US3173189A - Method of stabilizing tricot knitted fabrics - Google Patents

Method of stabilizing tricot knitted fabrics Download PDF

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US3173189A
US3173189A US105290A US10529061A US3173189A US 3173189 A US3173189 A US 3173189A US 105290 A US105290 A US 105290A US 10529061 A US10529061 A US 10529061A US 3173189 A US3173189 A US 3173189A
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fabric
temperature
filamentary material
crystallizable
stabilizing
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US105290A
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Ralph E Lacy
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Celanese Corp
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Celanese Corp
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    • DTEXTILES; PAPER
    • D06TREATMENT OF TEXTILES OR THE LIKE; LAUNDERING; FLEXIBLE MATERIALS NOT OTHERWISE PROVIDED FOR
    • D06CFINISHING, DRESSING, TENTERING OR STRETCHING TEXTILE FABRICS
    • D06C21/00Shrinking by compressing

Description

United States Patent 3,173,189 METHOD OF STABILIZING TRICOT KNITTED FABRICS Ralph E. Lacy, Charlotte, N.C., assignor to Celanese Corporation of America, New York, N.Y., a corporation of Delaware No Drawing. Filed Apr. 25, 1961, Ser. No. 105,290

3 Claims. (Cl. 28-76) This invention relates to the stabilizing of a knitted fabric of special construction against shrinkage.

Heretofore drapery fabrics have generally been woven so as to take advantage of the inherently relatively low shrinkage and dimensional stability offered in a woven construction. The few attempts to utilize knitted fabrics have been unsatisfactory because of the relatively poor dimensional stability of such fabrics after washing, even when such knitted fabrics have been initially subjected to a stabilizing treatment of one kind or another.

Accordingly, it is an object of this invention to produce a novel shrinkage-resistant knitted fabric.

Another object is to provide a method for stabilizing a specially knitted fabric against shrinkage.

A further object is to provide a specially knitted drapery fabric that is stabilized against shrinkage.

Additional objects and advantages will become apparent from the following detailed description and claims wherein all parts are by weight unless otherwise stated.

In accordance with one aspect of my invention, I have found that a warp knit fabric comprising thermoplastic filamentary material capable of being heat set can be dimensionally stabilized by being first hot wet pretreated to release knitting tensions, and thereafter being heat treated and mechanically compacted. Fabrics so treated are found to retain their dimensions, ie not to shrink or lengthen, even after hot laundering.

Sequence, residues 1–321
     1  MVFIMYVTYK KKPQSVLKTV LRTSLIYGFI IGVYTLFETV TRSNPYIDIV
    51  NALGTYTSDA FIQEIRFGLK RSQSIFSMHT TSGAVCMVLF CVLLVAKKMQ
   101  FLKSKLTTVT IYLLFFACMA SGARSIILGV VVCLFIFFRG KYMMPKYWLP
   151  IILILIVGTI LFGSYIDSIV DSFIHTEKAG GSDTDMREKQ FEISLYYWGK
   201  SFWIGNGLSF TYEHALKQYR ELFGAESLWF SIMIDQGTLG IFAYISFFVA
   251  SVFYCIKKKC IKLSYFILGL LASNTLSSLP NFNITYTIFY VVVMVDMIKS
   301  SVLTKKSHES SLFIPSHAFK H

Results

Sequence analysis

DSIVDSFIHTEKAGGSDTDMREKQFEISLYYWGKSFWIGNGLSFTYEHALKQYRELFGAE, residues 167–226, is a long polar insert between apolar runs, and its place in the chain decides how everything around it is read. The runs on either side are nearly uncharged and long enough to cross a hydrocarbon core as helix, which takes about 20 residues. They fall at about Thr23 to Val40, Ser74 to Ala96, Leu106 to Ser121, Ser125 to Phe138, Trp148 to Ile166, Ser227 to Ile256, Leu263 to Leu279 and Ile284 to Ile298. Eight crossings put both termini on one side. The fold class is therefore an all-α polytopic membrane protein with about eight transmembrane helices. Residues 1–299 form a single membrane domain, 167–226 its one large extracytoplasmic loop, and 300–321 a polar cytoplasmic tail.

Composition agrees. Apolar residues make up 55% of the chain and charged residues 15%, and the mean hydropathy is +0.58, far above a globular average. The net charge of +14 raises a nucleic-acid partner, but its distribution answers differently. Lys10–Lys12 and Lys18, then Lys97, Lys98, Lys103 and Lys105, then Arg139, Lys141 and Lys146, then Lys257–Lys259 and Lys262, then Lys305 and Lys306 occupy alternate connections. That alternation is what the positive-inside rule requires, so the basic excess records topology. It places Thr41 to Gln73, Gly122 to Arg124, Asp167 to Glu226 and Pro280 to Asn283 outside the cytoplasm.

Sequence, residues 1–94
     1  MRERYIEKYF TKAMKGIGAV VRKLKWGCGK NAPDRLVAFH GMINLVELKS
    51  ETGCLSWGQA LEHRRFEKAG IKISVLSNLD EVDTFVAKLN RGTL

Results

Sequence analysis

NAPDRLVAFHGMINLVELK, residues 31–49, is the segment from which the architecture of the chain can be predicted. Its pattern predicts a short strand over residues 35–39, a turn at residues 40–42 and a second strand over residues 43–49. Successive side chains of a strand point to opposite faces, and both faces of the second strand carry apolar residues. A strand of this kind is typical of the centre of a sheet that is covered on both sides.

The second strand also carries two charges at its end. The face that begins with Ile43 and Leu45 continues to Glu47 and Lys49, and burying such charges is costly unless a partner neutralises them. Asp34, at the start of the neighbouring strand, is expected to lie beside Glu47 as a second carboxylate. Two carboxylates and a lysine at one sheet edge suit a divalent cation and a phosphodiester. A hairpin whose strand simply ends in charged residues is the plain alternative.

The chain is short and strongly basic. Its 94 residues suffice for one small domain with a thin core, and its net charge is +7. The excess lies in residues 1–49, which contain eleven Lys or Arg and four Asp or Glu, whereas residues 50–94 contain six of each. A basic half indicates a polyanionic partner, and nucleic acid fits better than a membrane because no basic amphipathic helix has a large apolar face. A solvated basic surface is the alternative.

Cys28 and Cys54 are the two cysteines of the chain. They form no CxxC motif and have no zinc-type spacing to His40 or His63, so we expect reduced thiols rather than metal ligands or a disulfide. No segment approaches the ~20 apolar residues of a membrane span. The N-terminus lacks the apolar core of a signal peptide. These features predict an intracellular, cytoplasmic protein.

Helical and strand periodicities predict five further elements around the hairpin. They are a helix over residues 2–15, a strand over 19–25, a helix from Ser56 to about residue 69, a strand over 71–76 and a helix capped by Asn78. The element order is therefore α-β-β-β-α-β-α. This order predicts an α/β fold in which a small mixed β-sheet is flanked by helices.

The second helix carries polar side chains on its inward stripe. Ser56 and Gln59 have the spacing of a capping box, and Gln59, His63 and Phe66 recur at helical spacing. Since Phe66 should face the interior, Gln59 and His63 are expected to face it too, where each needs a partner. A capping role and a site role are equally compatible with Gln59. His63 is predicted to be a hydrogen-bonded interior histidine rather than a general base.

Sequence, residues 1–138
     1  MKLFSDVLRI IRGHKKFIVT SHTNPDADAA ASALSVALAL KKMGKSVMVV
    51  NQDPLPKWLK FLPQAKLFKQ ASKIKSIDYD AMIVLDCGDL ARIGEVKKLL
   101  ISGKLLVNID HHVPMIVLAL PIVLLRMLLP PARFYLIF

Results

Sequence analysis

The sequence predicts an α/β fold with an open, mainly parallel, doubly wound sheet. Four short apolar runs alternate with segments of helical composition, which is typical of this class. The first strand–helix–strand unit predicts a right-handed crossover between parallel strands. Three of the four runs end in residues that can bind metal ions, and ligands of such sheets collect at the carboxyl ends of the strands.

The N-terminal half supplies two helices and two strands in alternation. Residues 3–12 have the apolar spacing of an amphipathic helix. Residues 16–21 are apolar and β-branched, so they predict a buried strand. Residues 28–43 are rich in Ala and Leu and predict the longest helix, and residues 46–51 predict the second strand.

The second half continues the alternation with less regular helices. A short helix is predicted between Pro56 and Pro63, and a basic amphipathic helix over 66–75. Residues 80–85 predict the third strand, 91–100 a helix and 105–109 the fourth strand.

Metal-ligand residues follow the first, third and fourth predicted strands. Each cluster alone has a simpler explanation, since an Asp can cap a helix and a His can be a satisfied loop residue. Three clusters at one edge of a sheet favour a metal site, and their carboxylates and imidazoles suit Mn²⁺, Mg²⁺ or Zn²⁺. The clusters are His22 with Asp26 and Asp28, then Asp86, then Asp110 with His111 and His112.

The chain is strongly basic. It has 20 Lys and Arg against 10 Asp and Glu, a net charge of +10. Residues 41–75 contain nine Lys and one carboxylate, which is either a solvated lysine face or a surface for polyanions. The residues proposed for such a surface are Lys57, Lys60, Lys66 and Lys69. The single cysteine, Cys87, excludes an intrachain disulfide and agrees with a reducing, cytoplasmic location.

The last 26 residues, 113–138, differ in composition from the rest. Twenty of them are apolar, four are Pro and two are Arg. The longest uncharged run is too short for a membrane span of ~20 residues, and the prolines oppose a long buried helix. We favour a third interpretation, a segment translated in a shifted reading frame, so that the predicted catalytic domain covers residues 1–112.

The filamentary material making up the fabric advantageously comprises at least about 50% by weight of thermoplastic fibers. While secondary cellulose acetate may be employed, preferably the thermoplastic fiber is crystallizable upon heat treatment, e.g. cellulose triacetate, nylon, polyesters such as polyethylene terephthalate, vinylidene cyanide polymers and copolymers, vinyli dene chloride polymers and copolymers, etc. Blends of these with one another and/ or with non-thermoplastic fibers such as cotton or rayon may also be employed. Either the individual yarns may be so blended, or some warps of a bar may be different from other warps of that bar or the warps of one bar may be the same as one another but different from the warps of another bar.

' As employed herein, fibers includes also continuous filaments.

The knit fabric is pretreated by being wet with water at about 190 F. to the boil for a time upward of 10 seconds. A minute is adequate time although a longer time is permissible. The fabric must be laterally unrestrained so that it is free to contract in lateral dimension Advantageously the lateral contraction may be as much as 10% or even higher, e.g. 13%. This may be assisted by placing the fabric under longitudinal tension.

The fabric, which may be bunched up, may be opened and rinsed in cold water which partially sets the fabric and prevents creasing during further processing such as hot bleaching, dyeing, or the like, which advantageously is effected at this stage.

The fabric is then dried and heat treated without increasing its width and possibly with holding it against further lateral shrinkage such as by use of a tenter frame. The conditions of heat treatment will depend upon the particular identity of the fiber. For example, when operating on cellulose triacetate, hot air at 375 to 400 F. will effect heat treatment in a minute or less, e.g. about 20 3,173,189 Patented Mar. 16, 1965 ice seconds at 385 F. The drying may be effected continuously with the heat treatment, the fabric passing first through a drying section and then into a heat treatment section of a heating unit, the temperature in the drying section being lower than that in the heat treatment section, e.g. about 225 to 250 F.